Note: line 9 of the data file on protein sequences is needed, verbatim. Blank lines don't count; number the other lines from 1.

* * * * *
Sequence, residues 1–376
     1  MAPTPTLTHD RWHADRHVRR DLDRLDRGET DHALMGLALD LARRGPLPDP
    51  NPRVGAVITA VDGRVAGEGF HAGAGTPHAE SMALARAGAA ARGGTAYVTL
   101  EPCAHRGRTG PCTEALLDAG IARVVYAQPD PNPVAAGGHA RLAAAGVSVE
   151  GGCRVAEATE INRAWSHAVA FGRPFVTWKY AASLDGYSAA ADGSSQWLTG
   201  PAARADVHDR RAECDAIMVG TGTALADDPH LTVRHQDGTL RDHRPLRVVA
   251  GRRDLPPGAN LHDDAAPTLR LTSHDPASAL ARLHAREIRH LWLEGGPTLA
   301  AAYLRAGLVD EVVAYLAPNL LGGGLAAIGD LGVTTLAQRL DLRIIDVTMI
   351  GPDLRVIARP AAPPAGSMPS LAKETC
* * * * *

   351  GPDLRVIARP AAPPAGSMPS LAKETC